Think Sustainable, TH!NK City (reanimated) – Work in Progress

This is the first large project, I will document on this blog. Since it is a work in progress, there is no guarantee it will come to a happy end. Stay tuned and also watch the progress on YouTube on my favorite channel Steve&Julian#IGEMBB

What Is It All About?

Ever heard about the TH!NK City electric car? No? Before I got asked to help bringing it to life again, I also didn’t. In fact, if you do not count the first cars at all, which have been electrical, too, it was one of the first electric cars, at least in the 21st century, that entered serial production somehow. This happened a few years, before Tesla was born. Now many TH!NK Cities exist, that have been produced around 2010 and now living their dire existence in a corner of some garage. During their past few years without charging and mainteanance, their battery degraded to a state that they could not be brought back to live by a simple repair.

There are already some guys that reanimated the TH!NK City, but there needs to be some easier solution, which can be done by skilled handyman. Here are some of the public projects:

I’m part of the latter project 😛 and you will find design files and documentation in my GitLab project.

About TH!NK City’s Problem and The Energy Storage

The TH!NK City was produced with two types of battery. The first iteration was a ZEBRA battery, made of NaNiCl and has a working temperature of around 300°C. This batteries mostly survived and just need to be heated up. The second iteration was a LiPo-Stack with a 96s4p (mixed from 12p2s blocks) configuration. Many of the packs show degraded cells, going down to only a few mV, which means, the cells are damaged with lasting „effects“ and it will not be safe to reanimate them. Nevertheless, it can be done, but it needs special attention and maybe replacement of some of them or a total recombination with less power and energy. In our project, we will first reanimate the defect cells, measure the conditions, decide on what to do and then bring the TH!NK back to life.

To tackle the problem, we will first collect some data about the battery and the individual cells without damaging too much of it all. After disassembling the battery to inidividual modules, we need to get access to the single cells (in fact to the 2p-pairs). Measuring the connector pins and looking at some photos of Arndt’s blog, we identified the correct pins. A1-A11, B1-B10, A18-A21 and B18-B21 are potential candidates for the thermistors/NTCs. This arises from the pictures of the cell connection foils from Arndt’s blog.

Cell taps on the pack’s balancing connector

We (in fact it was all Eric) then measured the voltages of all cells in the TH!NK battery and found a bunch of low and zero volt cells. Cells below 2.5V are presumed to be pre-damaged, cells below 2.0V could be counted as dead. But as I told, we try to wake them up for some tests, before we replace them or re-organize the stack.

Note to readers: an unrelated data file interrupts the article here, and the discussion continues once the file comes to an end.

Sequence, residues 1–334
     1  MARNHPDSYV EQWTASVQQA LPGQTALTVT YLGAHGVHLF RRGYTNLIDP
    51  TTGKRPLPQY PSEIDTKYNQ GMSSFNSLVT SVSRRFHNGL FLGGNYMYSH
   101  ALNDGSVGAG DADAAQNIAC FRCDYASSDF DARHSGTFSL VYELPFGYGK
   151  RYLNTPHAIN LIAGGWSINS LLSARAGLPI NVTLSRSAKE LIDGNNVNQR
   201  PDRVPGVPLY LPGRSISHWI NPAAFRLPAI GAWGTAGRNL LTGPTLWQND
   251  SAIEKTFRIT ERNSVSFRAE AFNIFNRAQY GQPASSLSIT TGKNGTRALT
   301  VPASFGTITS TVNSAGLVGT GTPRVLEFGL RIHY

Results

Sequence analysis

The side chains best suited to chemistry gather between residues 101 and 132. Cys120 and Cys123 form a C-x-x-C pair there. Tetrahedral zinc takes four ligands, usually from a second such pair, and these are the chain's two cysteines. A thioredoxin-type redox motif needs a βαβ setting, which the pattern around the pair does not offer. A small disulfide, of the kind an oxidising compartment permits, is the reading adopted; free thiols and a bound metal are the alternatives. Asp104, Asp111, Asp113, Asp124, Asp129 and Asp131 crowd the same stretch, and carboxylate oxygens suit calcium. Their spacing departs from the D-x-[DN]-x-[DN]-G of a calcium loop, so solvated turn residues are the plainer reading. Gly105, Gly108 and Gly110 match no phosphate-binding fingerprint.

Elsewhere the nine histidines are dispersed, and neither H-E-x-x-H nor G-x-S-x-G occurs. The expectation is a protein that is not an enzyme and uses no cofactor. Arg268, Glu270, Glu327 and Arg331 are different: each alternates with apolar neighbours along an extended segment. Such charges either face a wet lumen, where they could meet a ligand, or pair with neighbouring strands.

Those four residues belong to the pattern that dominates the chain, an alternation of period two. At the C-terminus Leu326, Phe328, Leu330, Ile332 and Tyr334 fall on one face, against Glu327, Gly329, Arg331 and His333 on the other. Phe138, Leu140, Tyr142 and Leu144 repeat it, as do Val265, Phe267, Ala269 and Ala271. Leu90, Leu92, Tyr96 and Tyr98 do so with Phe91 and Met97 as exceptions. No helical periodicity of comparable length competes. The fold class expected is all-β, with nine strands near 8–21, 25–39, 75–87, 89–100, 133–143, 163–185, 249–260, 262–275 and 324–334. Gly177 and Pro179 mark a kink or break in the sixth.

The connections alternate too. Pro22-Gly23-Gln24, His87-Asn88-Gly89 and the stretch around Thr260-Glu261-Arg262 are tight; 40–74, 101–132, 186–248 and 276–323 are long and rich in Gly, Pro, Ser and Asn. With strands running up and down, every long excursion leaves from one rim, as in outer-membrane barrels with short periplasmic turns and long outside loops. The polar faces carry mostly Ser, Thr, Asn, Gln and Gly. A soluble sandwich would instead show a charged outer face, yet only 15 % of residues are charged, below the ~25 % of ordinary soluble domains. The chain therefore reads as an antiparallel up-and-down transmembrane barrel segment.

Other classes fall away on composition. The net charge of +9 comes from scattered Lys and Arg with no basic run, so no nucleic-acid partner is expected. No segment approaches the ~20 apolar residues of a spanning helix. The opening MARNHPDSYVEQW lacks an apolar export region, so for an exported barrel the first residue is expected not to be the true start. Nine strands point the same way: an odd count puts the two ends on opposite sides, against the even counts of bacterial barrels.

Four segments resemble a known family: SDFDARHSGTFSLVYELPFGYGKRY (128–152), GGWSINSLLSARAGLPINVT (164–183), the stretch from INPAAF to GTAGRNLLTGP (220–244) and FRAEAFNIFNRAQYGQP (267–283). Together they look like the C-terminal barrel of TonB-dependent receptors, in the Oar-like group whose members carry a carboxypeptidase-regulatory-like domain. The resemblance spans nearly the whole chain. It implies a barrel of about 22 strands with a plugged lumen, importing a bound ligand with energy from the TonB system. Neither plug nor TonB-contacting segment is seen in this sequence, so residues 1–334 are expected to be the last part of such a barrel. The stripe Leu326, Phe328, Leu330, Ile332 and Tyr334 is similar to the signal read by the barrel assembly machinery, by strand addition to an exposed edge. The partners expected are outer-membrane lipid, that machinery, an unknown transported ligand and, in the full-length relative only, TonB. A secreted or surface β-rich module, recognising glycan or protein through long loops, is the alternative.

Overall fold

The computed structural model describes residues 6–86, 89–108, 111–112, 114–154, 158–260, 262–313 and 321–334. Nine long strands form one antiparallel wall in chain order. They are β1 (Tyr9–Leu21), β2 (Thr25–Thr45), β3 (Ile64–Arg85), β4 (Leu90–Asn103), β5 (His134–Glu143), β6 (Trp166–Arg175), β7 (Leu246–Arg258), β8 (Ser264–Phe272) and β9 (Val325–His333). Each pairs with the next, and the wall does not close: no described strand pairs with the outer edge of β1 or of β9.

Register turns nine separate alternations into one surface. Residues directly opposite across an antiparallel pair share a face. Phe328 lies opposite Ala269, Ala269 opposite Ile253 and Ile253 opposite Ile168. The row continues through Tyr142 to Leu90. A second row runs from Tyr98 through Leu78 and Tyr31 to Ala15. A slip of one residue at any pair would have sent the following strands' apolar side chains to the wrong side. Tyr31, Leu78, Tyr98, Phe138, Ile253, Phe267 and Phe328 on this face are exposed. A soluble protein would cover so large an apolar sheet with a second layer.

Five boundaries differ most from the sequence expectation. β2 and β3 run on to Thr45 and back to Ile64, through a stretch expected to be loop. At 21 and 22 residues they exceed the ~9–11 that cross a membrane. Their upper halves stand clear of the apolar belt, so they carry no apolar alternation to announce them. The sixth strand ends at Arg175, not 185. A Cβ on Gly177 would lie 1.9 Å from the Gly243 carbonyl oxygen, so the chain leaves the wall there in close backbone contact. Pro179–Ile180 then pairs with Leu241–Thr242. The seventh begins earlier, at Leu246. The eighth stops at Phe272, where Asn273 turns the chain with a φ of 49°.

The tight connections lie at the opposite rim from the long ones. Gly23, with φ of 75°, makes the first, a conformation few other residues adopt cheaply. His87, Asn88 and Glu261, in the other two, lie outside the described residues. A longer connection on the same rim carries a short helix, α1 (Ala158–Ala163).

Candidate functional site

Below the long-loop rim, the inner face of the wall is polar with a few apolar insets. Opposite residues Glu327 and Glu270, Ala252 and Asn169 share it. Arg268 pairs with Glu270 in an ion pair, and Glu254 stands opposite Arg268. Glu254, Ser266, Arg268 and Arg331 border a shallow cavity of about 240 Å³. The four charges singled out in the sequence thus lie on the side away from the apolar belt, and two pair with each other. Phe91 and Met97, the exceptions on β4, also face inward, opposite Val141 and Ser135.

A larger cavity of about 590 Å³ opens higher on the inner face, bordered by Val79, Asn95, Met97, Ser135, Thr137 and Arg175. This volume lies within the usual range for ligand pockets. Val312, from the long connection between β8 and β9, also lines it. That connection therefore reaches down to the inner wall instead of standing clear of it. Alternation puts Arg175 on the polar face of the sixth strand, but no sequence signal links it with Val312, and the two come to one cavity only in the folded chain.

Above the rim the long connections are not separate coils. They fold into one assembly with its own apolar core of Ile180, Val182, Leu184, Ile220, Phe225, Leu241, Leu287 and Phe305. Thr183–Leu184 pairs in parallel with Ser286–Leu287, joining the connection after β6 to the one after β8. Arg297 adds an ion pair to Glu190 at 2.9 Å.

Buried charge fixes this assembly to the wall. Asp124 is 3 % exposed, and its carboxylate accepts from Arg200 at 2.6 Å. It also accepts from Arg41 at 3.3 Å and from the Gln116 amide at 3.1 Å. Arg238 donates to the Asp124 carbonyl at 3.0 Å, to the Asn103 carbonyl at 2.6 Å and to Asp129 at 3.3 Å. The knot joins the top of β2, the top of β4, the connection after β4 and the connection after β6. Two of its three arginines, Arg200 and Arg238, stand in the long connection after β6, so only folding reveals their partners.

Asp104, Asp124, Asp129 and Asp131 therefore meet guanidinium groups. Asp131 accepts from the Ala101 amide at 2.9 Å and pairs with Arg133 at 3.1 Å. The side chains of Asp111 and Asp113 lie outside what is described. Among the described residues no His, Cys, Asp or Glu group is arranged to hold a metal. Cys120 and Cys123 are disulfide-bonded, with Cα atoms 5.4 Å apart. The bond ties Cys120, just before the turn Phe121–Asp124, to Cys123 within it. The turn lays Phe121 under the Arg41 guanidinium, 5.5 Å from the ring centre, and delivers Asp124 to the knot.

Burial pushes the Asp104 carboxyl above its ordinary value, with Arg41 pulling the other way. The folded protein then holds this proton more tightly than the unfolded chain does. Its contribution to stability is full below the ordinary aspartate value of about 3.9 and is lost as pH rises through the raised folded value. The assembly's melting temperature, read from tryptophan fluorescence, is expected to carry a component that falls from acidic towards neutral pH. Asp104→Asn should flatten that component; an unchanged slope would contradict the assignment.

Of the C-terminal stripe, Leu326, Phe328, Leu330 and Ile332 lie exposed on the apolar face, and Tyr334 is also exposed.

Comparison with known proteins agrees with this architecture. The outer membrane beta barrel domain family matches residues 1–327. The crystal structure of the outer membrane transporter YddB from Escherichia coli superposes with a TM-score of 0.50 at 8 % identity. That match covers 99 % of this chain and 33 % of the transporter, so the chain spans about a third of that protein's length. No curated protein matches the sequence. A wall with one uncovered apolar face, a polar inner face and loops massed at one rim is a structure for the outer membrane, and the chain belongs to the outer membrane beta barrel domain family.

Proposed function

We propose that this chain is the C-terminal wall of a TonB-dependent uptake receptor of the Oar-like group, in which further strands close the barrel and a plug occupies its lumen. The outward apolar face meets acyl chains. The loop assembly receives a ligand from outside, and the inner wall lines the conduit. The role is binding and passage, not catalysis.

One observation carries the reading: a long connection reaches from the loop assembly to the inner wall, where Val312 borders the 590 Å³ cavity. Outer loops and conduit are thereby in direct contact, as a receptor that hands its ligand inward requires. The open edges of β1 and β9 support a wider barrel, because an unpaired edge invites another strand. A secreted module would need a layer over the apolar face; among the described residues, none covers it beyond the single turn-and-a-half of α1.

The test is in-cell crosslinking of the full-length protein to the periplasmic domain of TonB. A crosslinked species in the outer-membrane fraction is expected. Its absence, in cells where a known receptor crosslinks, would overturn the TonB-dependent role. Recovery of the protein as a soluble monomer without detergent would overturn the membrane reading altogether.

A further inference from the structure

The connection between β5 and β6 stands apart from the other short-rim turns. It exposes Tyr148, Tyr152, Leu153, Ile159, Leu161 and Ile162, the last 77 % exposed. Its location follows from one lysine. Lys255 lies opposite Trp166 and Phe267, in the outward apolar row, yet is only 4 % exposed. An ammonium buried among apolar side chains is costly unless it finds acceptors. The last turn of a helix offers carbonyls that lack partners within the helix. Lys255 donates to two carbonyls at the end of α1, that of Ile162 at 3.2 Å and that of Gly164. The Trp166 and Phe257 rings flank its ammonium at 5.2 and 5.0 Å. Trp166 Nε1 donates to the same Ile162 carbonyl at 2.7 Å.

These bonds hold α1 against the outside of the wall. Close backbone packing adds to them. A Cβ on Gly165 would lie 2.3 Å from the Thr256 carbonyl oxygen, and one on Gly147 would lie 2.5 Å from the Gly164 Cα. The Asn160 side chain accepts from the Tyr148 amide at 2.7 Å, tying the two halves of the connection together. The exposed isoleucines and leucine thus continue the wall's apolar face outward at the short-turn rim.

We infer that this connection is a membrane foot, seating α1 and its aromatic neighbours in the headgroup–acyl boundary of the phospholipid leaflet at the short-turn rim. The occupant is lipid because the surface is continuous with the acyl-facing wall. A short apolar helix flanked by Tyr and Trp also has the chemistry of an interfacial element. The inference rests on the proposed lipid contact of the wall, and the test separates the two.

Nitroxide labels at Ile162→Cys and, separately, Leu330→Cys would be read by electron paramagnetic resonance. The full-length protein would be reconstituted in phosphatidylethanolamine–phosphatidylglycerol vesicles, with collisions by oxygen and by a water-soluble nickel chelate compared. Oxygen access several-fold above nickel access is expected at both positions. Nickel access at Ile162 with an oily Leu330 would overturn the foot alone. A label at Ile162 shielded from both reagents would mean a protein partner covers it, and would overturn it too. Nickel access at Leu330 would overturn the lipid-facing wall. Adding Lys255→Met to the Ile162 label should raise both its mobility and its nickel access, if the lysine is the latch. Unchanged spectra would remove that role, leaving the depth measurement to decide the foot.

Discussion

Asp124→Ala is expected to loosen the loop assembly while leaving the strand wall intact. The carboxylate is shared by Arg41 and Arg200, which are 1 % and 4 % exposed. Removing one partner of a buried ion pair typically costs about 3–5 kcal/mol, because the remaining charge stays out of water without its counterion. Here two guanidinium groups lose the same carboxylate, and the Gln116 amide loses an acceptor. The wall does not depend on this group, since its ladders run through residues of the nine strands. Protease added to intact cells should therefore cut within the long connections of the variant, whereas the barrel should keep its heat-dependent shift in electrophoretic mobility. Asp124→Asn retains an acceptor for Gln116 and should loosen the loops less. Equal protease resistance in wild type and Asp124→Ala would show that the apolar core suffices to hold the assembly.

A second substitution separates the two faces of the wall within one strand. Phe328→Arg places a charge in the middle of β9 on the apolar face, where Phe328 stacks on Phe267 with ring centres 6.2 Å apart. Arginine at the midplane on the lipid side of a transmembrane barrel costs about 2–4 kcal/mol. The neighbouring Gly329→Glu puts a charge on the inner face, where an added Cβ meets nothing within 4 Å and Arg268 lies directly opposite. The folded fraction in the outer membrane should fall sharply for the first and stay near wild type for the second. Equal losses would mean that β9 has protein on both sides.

Cell voltages of all battery packs in our walk-in patient

First Step – Reanimate The Dead

We (again Eric did it) then charged the dead cells through their balancing connector with only a few hundred milli-amps to bring it up to around 3V. After that, we connected an iCharger X12 to charge the packs and pull out some data of the pack and it’s cells.

First measurements after precharging the defect cells of one pack showed promising results. Cell 12 was a zero volts candidate.

To have an easier access to the pins of the balancer connector (and to lower the risk of short circuits), I designed some adapter to directly connect the iCharger X12 balancer cable (find the design files in the mentiones GitLab project). By having multiple assembly options for the JST-PH (S13B-PH-K-S or S13B-PH-SM4-TB) balancing connector, we can adapt to different cables (1:1 = mirrored, cross = straight) to fit the polarities correctly. The following image shows the assembly for a crossed cable. The middle connector is mainly to more easily measure the cell voltages or to find the terminals for the temperature sensors. The pin names are the same as on the ELEC unit (the TH!NK BMS) shown in the nect section.

Update (2021-05-28) – Assembly Notes

When you assemble the 2X21 horizontal connectors, you should lift it a bit. The battery connector is a bit to thick, to accomplish with the 2X21 attached closely to the PCB. Best would be to solder the connector with attached cable and only fix it by the outer pins (A1, B1, A21, B21). Be careful not to short circuit the balancing pins.Then remove the cable and solder the remaining pins.

The JST-PH-Connector could be to narrow. It fits the Balancing port of the X12 exactly. But many Balancing cables have a XH type on the opposite end. This will not fit my adapter. I will soon optimize the adapter and provide an updated BOM.

Analysis Results of The Full Battery Stack